Why I Am a Stratfordian PDF Print E-mail
History
Written by Peter J. Leithart   
Monday, 04 July 2011 08:37
Editor’s Note: Astute rememberers will recall that we have gone into print on the Stratfordian/Oxfordian question before. If you don’t recall that, you can refresh your memory here. In our previous assault on the public, we discussed some interesting possibilities surrounding an Oxfordian authorship of the Shakespeare plays. Here, in an admirable display of even-handedness, we present Peter Leithart’s thoughts on the subject. Enjoy.

On September 25, 1987, the American University in Washington DC sponsored a moot court in the Metropolitan Memorial United Methodist Church. Presiding over the court were three Supreme Court justices: Harry Blackmun, William Brennan, and John Paul Stevens. More than a thousand people turned out hear Peter Jaszi and James Boyle debate the authorship of Shakespeare’s plays. Jaszi argued that Edward de Vere, seventeenth Earl of Oxford, had written the plays, while Boyle argued for the Stratfordian burgher and actor William Shakespeare. All three justices concluded that the Oxford case was unproven, though the de Vere Society Newsletter later complained that Brennan was more a witness for the Stratfordians than an impartial judge.

Some try law courts; some try séances. In the early 1940s, Percy Allen, a supporter of the Oxfordian view, went to a London medium named Hester Dowden, who had lengthy conversations with Shakespeare, Bacon, and Oxford, and confirmed that Oxford had filled in the sketchy outlines that Shakespeare came up with.

The Oxfordian view dates back to the early part of the twentieth century, to a English schoolmaster named Thomas Looney (pronounced, most unfortunately, “loney” rather than “loony”), whose book Shakespeare ‘Identified’ (1920) laid out the Oxfordian case. Looney was not the first to doubt the standard account of the playwright’s life. During the middle part of the nineteenth century, a pitiable woman from Hartford, CT, Delia Bacon, published a book on the philosophy of Shakespeare’s plays in which she argued that Francis Bacon, whom she eventually claimed as a forebear, had written the plays. She received grudging aid from Emerson, Hawthorne, and Thomas Carlyle, though none believed her. Bacon believed that the evidence could be found in Shakespeare’s grave, and snuck into Holy Trinity in Stratford late one night to poke around in an unsuccessful search for confirmation of her theory.

The authorship of Shakespeare’s plays has been established in the way that authorship is established for everyone in the Elizabethan age. His name appears on published editions of the plays and poems. He is known to have been an actor who performed the plays that were published under his byline. He was part owner of Globe Theater. Contemporaries say he was a playwright and poet. Ben Jonson called him a friend, and described him as an actor and playwright. Critic Francis Meres spoke of Shakespeare as author of sonnets, and the Oxford don Leonard Digges said that Shakespeare was known for his plays and sonnets.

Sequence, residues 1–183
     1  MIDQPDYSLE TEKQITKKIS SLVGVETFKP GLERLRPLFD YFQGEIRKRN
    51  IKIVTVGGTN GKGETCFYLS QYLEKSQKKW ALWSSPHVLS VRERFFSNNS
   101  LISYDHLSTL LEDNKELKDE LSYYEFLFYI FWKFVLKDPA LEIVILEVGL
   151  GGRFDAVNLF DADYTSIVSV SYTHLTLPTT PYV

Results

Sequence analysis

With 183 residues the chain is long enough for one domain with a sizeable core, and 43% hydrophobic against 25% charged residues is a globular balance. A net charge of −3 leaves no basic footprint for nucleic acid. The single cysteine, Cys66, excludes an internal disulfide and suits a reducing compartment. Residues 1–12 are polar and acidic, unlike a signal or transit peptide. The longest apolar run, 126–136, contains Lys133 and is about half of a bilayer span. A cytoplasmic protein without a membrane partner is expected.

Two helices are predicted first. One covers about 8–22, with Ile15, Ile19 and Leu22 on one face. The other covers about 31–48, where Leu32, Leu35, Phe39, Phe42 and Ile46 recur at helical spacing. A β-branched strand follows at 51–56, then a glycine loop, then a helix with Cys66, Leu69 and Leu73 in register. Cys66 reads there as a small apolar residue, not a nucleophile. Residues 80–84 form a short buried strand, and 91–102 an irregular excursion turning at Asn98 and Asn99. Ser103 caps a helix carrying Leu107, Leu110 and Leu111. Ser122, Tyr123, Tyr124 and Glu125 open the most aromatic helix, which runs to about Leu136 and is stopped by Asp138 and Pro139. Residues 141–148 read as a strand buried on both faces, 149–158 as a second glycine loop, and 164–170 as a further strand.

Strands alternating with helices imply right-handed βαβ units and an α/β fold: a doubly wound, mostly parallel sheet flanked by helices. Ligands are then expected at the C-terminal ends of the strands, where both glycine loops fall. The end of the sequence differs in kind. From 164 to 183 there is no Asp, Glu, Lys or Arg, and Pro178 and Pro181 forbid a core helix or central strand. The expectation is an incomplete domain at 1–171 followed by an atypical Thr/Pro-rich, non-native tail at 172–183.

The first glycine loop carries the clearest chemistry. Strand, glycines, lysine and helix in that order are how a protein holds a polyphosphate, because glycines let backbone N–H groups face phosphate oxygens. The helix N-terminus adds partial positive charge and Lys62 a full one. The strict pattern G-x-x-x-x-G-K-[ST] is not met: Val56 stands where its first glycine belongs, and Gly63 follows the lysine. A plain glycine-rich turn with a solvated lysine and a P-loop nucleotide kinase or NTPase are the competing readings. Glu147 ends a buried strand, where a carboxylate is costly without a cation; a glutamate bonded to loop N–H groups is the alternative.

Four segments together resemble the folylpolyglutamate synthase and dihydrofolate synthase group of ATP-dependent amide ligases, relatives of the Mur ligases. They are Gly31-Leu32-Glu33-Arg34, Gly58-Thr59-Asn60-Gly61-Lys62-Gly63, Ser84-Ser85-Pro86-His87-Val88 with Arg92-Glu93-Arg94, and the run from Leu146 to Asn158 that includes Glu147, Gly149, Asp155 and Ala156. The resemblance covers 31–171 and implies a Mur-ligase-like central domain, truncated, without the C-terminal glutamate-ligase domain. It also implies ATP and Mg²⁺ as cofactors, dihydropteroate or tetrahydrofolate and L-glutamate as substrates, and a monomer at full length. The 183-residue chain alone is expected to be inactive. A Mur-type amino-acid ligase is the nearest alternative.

Yet, the “quest of the historical Shakespeare” goes on, and asking Why? is worth a moment’s reflection. Two reasons stand out. First, it seems we know tantalizingly little about Shakespeare. We know the date of his baptism but not of his birth. Little is known of his education. There are the famous “lost years” between his departure from Stratford and marriage to Anne Hathaway and his appearance in London. Second, what we know doesn’t seem to fit with what we expect from the greatest poet of the English language, the “man of the millennium.” The records from the late sixteenth century are mainly court records, purchases and sales of property, lawsuits. It’s a thoroughly bourgeois, not to mention a startlingly litigious life, not the life of a poet or artiste.

To both of these suspicions there are compelling responses. To the first: Our “ignorance” of Shakespeare is more apparent than real. Christopher Marlowe left no manuscripts or letters, and nobody mentioned his work as a playwright during his lifetime. John Webster, author the Duchess of Malfi and The White Devil left no biographical trace – not the date and place of his birth and death, nor the place where he was educated. We know far less of Shakespeare than we do about literary figures from the following centuries, but we know a great deal more about him than we do about most literary figures of his own time. Were it not for Shakespeare’s titanic stature, there were be no conspiracy theories, no furtive searches of his grave, no moot court. It all makes for great fun, but nobody does it for Marlowe or Webster, poor fellows.

To the second: It is no accident that the first doubts about Shakespeare’s authorship surfaced in the Romantic period, when conceptions of art and authorship changed radically. Literature came to be seen as self-expression, and poets were expected to wear a persona. The authorship question is bound up with a post- Romantic belief that the true artist has to be a man who lives by his own unconventional lights. That is a very specific, and very recent, notion of authorship. Anti-Stratfordian Christmas Humphreys spoke volumes when he expressed his dismay at the “worship the memory of a petty-minded tradesman.” For all we know, most artists and poets prior to the modern period were “petty-minded tradesmen.”

Why am I a Stratfordian? Finally, my stance is negative. I have heard no convincing evidence that makes me budge from the obvious.




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Last Updated on Monday, 04 July 2011 08:44